High school teacher, eh? OK, under those (unusual) circumstances) hiding behind a pseudonym is forgivable. What is not forgivable is (A) your own little ad hominem smear on me that provoked my retaliation; and (B) your confident statement (sans details) that you won our main argument. To put it mildly, you didn't.
I repeat if President Gore had delayed starting the Afghan War as long as Bush did, there would have been wholesale screams from the GOP Right that he was being "criminally irresponsible", complete with frequent calls for his impeachment. Do you really think that Limbaugh or Lucianne or the Freepers (or Bob Barr) would have refrained from the latter? Or that DeLay and Lott and Armey would have forcefully denounced those calls? They would have happily played along, just as Robert Taft and the rest of the GOP Congressional leadership -- and, until it no longer served his purposes, Eisenhower -- happily played along with Joe McCarthy's smears.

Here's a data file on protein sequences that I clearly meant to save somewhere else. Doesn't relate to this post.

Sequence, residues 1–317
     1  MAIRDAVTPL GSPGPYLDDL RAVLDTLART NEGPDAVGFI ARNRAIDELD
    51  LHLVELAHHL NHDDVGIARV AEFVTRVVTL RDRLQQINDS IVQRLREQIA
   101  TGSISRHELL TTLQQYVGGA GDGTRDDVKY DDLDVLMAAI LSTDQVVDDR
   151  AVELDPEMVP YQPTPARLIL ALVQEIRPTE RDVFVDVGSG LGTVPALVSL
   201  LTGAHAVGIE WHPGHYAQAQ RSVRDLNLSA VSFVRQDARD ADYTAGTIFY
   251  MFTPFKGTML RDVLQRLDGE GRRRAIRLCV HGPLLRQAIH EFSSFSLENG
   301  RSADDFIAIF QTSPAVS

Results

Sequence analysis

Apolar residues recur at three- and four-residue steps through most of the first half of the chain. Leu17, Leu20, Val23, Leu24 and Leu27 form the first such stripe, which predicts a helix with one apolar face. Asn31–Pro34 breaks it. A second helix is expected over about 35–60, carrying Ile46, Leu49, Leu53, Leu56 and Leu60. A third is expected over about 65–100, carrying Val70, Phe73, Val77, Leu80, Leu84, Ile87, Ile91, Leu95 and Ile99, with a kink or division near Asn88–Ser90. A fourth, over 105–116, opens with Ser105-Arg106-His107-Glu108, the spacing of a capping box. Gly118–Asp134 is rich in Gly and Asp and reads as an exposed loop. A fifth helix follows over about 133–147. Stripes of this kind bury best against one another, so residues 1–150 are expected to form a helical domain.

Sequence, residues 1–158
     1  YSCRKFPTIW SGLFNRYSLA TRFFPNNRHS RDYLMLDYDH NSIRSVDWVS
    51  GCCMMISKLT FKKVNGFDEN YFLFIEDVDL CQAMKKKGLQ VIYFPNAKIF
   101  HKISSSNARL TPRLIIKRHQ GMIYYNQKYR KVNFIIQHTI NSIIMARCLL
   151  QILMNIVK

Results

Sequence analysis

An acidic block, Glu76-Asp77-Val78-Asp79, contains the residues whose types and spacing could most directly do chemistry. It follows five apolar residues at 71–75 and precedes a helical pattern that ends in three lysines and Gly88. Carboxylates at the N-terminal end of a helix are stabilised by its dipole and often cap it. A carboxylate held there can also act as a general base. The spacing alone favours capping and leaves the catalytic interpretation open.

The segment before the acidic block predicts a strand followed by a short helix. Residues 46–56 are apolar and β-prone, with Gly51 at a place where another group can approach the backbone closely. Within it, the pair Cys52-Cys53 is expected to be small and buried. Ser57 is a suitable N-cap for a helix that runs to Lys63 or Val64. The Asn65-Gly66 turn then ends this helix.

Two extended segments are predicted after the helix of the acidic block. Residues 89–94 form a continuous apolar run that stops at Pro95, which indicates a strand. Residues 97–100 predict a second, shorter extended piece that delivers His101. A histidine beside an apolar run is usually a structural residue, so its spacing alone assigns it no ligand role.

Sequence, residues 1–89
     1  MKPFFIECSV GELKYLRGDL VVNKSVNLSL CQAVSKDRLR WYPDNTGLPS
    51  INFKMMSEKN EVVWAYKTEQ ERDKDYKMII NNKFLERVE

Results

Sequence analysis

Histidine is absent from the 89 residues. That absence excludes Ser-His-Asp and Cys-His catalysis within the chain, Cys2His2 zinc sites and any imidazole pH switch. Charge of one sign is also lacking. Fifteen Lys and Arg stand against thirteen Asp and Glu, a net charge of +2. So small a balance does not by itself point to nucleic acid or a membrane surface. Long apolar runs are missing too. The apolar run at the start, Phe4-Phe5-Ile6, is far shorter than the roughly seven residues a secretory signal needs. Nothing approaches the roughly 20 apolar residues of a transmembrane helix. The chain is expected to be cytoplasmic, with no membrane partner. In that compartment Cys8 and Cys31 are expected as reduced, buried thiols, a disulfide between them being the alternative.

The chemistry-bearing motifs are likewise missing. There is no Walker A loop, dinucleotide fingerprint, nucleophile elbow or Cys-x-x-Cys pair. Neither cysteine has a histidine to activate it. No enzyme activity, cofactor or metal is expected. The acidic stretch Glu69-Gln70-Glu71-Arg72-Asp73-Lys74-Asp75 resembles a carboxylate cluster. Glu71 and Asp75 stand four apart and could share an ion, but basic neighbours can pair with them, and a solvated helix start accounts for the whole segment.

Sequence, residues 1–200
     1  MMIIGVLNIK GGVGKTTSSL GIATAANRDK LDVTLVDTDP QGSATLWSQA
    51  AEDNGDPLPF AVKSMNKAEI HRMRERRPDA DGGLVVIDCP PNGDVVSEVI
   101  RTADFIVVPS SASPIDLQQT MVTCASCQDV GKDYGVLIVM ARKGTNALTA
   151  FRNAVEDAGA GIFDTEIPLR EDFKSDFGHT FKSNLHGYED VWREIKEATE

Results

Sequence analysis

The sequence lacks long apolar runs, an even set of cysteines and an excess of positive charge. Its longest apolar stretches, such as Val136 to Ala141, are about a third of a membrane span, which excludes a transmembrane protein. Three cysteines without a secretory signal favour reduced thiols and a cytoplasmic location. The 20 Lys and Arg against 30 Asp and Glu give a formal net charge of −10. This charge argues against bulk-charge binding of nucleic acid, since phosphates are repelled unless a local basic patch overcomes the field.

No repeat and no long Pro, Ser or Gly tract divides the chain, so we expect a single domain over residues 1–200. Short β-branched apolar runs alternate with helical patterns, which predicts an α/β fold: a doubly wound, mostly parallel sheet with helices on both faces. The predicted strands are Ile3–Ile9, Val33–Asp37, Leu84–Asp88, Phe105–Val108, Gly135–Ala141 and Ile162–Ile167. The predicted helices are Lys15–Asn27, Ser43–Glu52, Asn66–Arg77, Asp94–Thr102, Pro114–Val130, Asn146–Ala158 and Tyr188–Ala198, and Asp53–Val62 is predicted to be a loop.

And, by the way, while it may be my eyes, for the life of me I can't see any hint in that statement of Bill Clinton's that he actually approves of the fact that the US won't be the sole superpower forever. As fas as I can see, he was simply warning that it doesn't behoove us to throw our power around arrogantly -- or, for that matter, unwisely refrain from acting -- in the complacent belief that we'll always be top dog. (I wish I was less certain that the next superpower will be China, probably still in fascist form.)
Let me guess, your name is Frederick K. R. Norman?
Reply to comment #3, beginning "It is, unfortunately":